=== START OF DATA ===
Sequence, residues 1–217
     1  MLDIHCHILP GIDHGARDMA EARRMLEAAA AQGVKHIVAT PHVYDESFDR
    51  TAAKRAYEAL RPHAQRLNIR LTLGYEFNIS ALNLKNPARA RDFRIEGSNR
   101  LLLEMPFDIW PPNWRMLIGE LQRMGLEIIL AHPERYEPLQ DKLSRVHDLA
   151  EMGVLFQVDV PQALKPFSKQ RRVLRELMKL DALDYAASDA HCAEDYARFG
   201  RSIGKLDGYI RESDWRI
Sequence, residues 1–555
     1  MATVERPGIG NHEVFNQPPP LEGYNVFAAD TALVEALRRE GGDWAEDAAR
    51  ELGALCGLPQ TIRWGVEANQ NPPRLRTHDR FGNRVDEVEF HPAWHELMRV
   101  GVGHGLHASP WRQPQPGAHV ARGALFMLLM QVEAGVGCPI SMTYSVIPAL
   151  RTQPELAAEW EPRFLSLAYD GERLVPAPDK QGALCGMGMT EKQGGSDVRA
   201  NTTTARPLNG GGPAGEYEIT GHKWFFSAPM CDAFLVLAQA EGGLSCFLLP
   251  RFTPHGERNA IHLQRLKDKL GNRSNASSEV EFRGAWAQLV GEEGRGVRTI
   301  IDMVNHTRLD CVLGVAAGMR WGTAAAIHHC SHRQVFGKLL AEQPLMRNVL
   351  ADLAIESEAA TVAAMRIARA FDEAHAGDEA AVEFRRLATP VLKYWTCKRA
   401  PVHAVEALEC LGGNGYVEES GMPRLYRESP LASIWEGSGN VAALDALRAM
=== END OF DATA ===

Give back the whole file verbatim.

Sequence, residues 1–217
     1  MLDIHCHILP GIDHGARDMA EARRMLEAAA AQGVKHIVAT PHVYDESFDR
    51  TAAKRAYEAL RPHAQRLNIR LTLGYEFNIS ALNLKNPARA RDFRIEGSNR
   101  LLLEMPFDIW PPNWRMLIGE LQRMGLEIIL AHPERYEPLQ DKLSRVHDLA
   151  EMGVLFQVDV PQALKPFSKQ RRVLRELMKL DALDYAASDA HCAEDYARFG
   201  RSIGKLDGYI RESDWRI
Sequence, residues 1–555
     1  MATVERPGIG NHEVFNQPPP LEGYNVFAAD TALVEALRRE GGDWAEDAAR
    51  ELGALCGLPQ TIRWGVEANQ NPPRLRTHDR FGNRVDEVEF HPAWHELMRV
   101  GVGHGLHASP WRQPQPGAHV ARGALFMLLM QVEAGVGCPI SMTYSVIPAL
   151  RTQPELAAEW EPRFLSLAYD GERLVPAPDK QGALCGMGMT EKQGGSDVRA
   201  NTTTARPLNG GGPAGEYEIT GHKWFFSAPM CDAFLVLAQA EGGLSCFLLP
   251  RFTPHGERNA IHLQRLKDKL GNRSNASSEV EFRGAWAQLV GEEGRGVRTI
   301  IDMVNHTRLD CVLGVAAGMR WGTAAAIHHC SHRQVFGKLL AEQPLMRNVL
   351  ADLAIESEAA TVAAMRIARA FDEAHAGDEA AVEFRRLATP VLKYWTCKRA
   401  PVHAVEALEC LGGNGYVEES GMPRLYRESP LASIWEGSGN VAALDALRAM